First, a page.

Chickens destroying my yard

Ximena

Chirping
May 14, 2016
72
28
94
We're going to be moving into a new house with a small but grassy back yard 60x30 feet we have 3 hens and 6 more coming, I want to build them a 10x10 chicken tractor. Is this yard bid enough or will they completely destroy it. What about the poop will that kill the grass.
~Thanks
 

chickengeorgeto

Crowing
7 Years
Dec 25, 2012
8,047
4,195
431
Big Bend of the Tennessee River's Right Bank.
We're going to be moving into a new house with a small but grassy back yard 60x30 feet we have 3 hens and 6 more coming, I want to build them a 10x10 chicken tractor. Is this yard bid enough or will they completely destroy it. What about the poop will that kill the grass.
~Thanks
Have no fear, the 9 hens you're considering will kill every blade of grass in an 1,800 square foot back yard long before the poop from a mere 9 hens does the grass in. Of course how quick this happens will somewhat depend on your location and the local weather..
 

Flock In Texas

Songster
Aug 7, 2016
197
108
106
Texas
I've read that if your tractor has a hardware cloth floor and it's raised a little above the grass, they'll only be able to eat the grass tips. Good news is you won't have to mow.
 

Leigti

Songster
Oct 22, 2015
1,700
615
236
Walla Walla WA
I don't know, with that small of a backyard you might be better making them a large run and then just letting them out once in a while to free range. It won't take them long to destroy that area. My backyard is about four times that big, I gave the chickens three force of it and fenced off one fourth to try to keep nice grass in. I'm going to plant foraging seeds in the rest of the yard.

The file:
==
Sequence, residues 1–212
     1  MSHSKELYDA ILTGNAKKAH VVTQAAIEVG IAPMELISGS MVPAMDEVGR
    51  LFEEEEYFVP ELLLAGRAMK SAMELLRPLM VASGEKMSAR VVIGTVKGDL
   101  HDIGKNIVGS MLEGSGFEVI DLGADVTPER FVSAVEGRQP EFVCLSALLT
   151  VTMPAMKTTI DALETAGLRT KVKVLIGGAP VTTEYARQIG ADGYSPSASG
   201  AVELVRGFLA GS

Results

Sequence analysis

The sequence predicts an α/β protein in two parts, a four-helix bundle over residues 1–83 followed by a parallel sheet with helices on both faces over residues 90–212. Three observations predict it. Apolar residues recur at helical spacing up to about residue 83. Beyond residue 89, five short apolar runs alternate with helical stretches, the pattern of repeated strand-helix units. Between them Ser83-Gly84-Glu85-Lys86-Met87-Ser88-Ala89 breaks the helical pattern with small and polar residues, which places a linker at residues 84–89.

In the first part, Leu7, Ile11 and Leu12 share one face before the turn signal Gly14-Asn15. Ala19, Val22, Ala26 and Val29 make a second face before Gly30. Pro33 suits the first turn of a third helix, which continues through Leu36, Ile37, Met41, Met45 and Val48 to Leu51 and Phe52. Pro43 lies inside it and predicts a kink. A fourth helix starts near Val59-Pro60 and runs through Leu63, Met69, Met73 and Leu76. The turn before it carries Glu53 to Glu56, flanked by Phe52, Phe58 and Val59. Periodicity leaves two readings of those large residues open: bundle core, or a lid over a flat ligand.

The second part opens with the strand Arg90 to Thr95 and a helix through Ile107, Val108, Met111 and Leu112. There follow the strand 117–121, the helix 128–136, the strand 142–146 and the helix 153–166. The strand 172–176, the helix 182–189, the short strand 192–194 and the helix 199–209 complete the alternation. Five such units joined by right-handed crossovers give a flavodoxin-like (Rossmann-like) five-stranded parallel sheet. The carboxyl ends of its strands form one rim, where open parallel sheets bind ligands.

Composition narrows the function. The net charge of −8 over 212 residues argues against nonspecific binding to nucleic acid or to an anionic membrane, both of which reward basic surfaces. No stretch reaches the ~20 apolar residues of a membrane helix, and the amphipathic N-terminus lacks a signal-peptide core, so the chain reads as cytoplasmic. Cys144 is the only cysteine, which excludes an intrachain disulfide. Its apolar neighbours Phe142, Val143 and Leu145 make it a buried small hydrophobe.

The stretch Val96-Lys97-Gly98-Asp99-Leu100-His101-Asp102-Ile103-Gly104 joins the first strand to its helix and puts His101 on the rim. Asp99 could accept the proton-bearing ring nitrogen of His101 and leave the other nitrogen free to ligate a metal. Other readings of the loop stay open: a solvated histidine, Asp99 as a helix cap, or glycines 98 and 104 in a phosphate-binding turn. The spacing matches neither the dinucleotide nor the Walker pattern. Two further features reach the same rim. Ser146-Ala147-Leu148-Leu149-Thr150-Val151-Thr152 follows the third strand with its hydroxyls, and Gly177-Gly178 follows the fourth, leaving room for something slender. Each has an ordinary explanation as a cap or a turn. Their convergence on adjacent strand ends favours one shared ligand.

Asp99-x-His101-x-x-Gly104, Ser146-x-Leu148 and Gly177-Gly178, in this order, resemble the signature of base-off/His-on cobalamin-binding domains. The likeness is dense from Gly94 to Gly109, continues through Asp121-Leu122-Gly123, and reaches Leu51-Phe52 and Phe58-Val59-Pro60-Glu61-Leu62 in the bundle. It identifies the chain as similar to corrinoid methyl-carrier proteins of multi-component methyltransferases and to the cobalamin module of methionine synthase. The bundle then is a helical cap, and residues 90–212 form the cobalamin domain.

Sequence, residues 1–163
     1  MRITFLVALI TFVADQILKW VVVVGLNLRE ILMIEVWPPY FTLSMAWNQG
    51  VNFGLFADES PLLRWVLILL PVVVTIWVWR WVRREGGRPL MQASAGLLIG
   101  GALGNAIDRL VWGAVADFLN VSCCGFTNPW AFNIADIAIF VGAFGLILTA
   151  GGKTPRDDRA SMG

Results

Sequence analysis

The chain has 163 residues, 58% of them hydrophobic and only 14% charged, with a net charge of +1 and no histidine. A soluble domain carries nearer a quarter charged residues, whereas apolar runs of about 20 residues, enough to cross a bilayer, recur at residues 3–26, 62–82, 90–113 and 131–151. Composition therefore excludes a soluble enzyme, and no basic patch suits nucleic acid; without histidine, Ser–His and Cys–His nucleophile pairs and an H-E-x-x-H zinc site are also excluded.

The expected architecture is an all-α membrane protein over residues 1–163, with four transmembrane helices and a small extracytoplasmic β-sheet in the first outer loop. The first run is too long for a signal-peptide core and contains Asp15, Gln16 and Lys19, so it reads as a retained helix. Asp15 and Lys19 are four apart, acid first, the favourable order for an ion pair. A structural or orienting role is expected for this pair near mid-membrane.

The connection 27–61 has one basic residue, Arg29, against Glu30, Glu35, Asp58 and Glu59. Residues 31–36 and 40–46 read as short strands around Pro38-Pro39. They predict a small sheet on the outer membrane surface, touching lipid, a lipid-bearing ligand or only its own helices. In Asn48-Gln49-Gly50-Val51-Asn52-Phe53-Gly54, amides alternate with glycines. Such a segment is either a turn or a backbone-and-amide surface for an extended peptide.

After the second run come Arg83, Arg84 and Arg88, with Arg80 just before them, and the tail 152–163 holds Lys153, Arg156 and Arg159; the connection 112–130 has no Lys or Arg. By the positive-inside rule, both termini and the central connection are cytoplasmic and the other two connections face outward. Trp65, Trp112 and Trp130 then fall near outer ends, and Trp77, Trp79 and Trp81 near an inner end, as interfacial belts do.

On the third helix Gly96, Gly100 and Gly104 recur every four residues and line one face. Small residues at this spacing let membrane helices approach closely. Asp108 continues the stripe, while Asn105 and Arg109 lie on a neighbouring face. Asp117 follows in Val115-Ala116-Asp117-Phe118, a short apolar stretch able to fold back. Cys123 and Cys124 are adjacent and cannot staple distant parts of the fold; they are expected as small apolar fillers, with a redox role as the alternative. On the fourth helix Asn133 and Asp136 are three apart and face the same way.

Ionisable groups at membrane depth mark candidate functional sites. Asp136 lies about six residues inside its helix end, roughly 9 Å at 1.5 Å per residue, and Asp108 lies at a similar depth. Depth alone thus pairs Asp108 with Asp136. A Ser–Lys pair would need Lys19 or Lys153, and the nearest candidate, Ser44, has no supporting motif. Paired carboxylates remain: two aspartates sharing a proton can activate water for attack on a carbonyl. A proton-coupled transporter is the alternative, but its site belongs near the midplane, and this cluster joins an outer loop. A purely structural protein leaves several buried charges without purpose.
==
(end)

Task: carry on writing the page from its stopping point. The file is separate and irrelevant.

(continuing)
aart

Chicken Juggler!
Premium Feather Member
8 Years
Nov 27, 2012
95,155
126,095
1,807
SW Michigan
My Coop
My Coop
I've read that if your tractor has a hardware cloth floor and it's raised a little above the grass, they'll only be able to eat the grass tips. Good news is you won't have to mow.
Yeah, but that can tear up their feet as they will still try to scratch........and hardware cloth plugged up with poop is not fun to clean.
 

Ximena

Chirping
May 14, 2016
72
28
94
What if built a permanent coop and used the tractor as a run most of the time and only use it as a tractor once in a while, would that save the grass?
 

Intheswamp

Crowing
10 Years
Mar 25, 2009
2,373
112
256
South Alabama
Something tells me that you're going to have too many chickens in your backyard.
hmm.png
Overpopulation of any creature over a limited area will cause a decline in health of those creatures.